Today is the 60th anniversary of the Munich Air Disaster, the tragic plane crash which claimed 23 lives, including eight members of the famed ‘Busby Babes’ Manchester United squad.
The team was returning from playing Red Star Belgrade in Yugoslavia, where a 3-3 away draw saw United progress to the semi-finals stage of the European Cup.
As fans celebrated at home, the team began their journey back to the UK, accompanied by manager Sir Matt Busby, other coaching and support staff and key members of the British footballing press. They were aboard a BEA (British European Airways) twin-engined Airspeed Ambassador 2 aircraft carrying 38 passengers and six crew.
The plane, which had taken the team and contingent out to Belgrade three days previously, began the return journey on Thursday by flying from the Yugoslav capital to Munich, where it needed to refuel for the remainder of the journey.
It was given clearance for take-off just after 2-30pm, but that attempt and another three minutes later were both abandoned due to a problem with the engines over-accelerating, due to the fuel mixture being too rich. The passengers then disembarked back to the airport lounge while the problem was sorted out, but by then it had started to snow heavily and several assumed they would be staying overnight in Munich.
In the meantime, the Captain and Co-Pilot, after seeking advice by radio, agreed that opening the plane’s throttle more slowly would solve the problem. It would mean a longer take-off run, but Munich’s runway was long enough to accommodate it. After 15 minutes the passengers were brought back on board and just after 3pm the third take-off attempt began.
Unfortunately, melting snow had created slush on the runway. It slowed the plane which could not reach the minimum take-off speed, actually slowing when it encountered heavier slush further along the runway. Unable to get airborne, it skidded off the end of the runway and ploughed through the airport’s boundary fence and across a road before its left wing struck a house and was ripped away.
The cockpit then struck a tree and the right side of the fuselage hit a wooden shed containing a truck loaded with tyres and fuel, which burst into flames. Twenty people on board the plane died in the crash – another three would die later from their injuries, including the Co-Pilot. The Captain managed to get out then, seeing flames under the fuel-filled right wing, went back for two hand-held fire extinguishers.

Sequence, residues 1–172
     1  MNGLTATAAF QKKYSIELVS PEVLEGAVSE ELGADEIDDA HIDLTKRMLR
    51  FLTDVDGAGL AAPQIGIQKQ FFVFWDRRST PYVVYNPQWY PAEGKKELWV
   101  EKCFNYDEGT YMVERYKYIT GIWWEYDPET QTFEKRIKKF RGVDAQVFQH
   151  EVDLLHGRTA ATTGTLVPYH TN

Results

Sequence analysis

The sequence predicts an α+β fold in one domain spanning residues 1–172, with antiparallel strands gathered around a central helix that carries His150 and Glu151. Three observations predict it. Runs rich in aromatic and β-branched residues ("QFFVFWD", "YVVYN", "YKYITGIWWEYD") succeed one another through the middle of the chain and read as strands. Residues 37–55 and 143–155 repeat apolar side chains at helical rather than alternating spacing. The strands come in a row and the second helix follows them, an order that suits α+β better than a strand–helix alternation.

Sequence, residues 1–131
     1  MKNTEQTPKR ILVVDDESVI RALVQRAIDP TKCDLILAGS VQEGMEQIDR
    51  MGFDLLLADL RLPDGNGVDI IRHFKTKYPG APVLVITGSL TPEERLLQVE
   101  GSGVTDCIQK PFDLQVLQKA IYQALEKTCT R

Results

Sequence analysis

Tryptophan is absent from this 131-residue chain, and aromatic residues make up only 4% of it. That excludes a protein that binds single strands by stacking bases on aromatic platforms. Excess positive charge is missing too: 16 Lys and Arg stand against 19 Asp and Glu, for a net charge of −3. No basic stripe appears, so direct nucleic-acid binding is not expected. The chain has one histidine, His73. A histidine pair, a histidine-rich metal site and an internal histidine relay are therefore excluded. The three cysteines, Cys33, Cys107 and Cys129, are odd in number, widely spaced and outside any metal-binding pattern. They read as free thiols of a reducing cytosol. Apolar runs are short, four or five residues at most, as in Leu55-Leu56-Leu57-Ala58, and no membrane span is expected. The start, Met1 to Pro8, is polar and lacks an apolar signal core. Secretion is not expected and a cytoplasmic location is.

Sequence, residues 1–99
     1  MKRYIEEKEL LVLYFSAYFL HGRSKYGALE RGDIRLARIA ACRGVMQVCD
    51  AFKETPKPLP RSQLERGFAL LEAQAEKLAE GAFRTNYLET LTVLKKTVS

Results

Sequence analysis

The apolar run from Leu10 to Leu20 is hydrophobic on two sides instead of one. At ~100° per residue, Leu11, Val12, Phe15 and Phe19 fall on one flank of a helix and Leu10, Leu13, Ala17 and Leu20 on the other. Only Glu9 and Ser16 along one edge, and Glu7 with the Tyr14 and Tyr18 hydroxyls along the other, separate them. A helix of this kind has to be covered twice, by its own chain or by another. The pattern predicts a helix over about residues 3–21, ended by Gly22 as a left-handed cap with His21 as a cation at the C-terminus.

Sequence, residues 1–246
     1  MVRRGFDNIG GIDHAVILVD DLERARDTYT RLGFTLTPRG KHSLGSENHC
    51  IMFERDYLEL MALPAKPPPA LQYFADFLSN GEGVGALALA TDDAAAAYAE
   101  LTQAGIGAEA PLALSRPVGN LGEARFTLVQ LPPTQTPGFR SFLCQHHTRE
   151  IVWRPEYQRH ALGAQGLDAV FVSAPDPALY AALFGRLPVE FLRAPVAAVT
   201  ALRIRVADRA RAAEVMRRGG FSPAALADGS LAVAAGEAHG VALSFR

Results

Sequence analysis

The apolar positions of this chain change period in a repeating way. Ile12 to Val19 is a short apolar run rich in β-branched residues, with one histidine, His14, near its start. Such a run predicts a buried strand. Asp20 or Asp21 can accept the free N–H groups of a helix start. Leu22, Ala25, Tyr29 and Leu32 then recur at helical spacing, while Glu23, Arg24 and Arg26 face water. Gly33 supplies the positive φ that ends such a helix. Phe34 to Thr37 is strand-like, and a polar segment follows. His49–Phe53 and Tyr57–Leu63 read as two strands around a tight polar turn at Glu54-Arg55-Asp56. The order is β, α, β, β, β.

Other survivors began finding ways out, including injured goalkeeper Harry Gregg, who rescued several others, as emergency workers began arriving on the scene. Seven of the Manchester United players – Geoff Bent, Roger Byrne, Eddie Colman, Mark Jones, David Pegg, Tommy Taylor and Liam Whelan – died in the crash, while teammate Duncan Edwards died in hospital from his injuries 15 days later.
Several others were seriously injured, including Johnny Berry and Jackie Blanchflower, who would never play again. Manager Matt Busby would also spend two months in hospital and was twice read his Last Rites. Eight journalists from national and Manchester newspapers also perished, together with United’s club secretary, trainer and chief coach, a travel agent and racecourse owner Willie Satinoff, who was a close friend of Matt Busby.
Best known of the 21 survivors was midfielder Bobby Charlton, who would go on to play in England’s World Cup winning squad in 1966 and be knighted in 1994. Initially the crash was blamed on the Captain amid claims he had failed to de-ice the aircraft wings before take-off, despite several witnesses saying there had been no ice there. Only after a lengthy investigation was the real cause pinpointed as the build-up of slush on the runway, causing the aircraft to lose take-off speed. It would be 10 years before the Captain was formally cleared of any blame by German investigators.
The impact on Manchester United was massive and there were initially fears the club would fold. Incredibly, a threadbare squad of reserves and replacements battled on to complete the season and even reached the final of the FA Cup, where they were beaten by Bolton Wanderers. A decade later, a rebuilt United would become the first English club to win the European Cup
Today it is one of the world’s most successful football clubs, but the Munich Air Disaster remains the darkest day in the club’s long and illustrious history.